No doubting who the favorite is this year. Biles owns the world’s best all-around score since Rio by more than two points. Could she sweep the gold medals as she did at nationals?

“It’s irrelevant,” Laurent Landi said. “I think you just need to do what she today … and see what we get at the end. We don’t aim to win. I think it’s bad to think about winning. I think it’s much more important to think about what she needs to accomplish for herself. If at the end she wins, then she wins.”

Aly Raisman, who staged her own successful comeback to make the Rio Olympics, told Biles on Saturday night that she’s not human. Biles was asked Sunday what her international competitors must be thinking.

“Maybe that I should probably quit,” she said, followed by giggles.

*Correction: An earlier version of this post incorrectly stated that Biles fell off the balance beam at the U.S. Classic three weeks ago. She fell off the uneven bars.

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GYM NATIONALS: Where Are The Final Five?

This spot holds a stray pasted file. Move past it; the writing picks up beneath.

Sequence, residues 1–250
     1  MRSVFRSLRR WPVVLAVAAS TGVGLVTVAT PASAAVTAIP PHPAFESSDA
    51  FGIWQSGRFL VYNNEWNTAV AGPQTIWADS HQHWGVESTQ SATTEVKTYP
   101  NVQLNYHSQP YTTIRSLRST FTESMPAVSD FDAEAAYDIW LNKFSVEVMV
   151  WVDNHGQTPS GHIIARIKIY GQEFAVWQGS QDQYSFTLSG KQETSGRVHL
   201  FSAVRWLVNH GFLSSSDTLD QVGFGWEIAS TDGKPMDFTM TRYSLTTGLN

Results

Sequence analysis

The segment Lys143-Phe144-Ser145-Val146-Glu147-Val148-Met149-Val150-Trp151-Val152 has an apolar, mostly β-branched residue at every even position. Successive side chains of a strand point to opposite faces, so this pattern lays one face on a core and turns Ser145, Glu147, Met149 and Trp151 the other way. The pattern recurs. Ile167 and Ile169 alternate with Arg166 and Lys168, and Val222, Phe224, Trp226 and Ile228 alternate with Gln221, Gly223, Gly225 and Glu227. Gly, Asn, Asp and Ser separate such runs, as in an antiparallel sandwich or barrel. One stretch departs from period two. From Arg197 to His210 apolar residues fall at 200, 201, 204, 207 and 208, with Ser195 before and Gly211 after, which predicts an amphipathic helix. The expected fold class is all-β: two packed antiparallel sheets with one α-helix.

Teri McKeever fired by Cal as women’s swimming coach after investigation

Teri McKeever
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Teri McKeever, the first woman to serve as a U.S. Olympic swimming head coach, was fired by the University of California at Berkeley after an investigation into alleged verbal and emotional abuse of swimmers that she denied.

McKeever was put on paid administrative leave from her job as head women’s swimming coach in May after an Orange County Register report that 20 current or former Cal swimmers said McKeever verbally and emotionally bullied her swimmers.

Cal athletics director Jim Knowlton wrote in a letter to the Cal team and staff that a resulting independent law firm report detailed “verbally abusive conduct that is antithetical to our most important values.”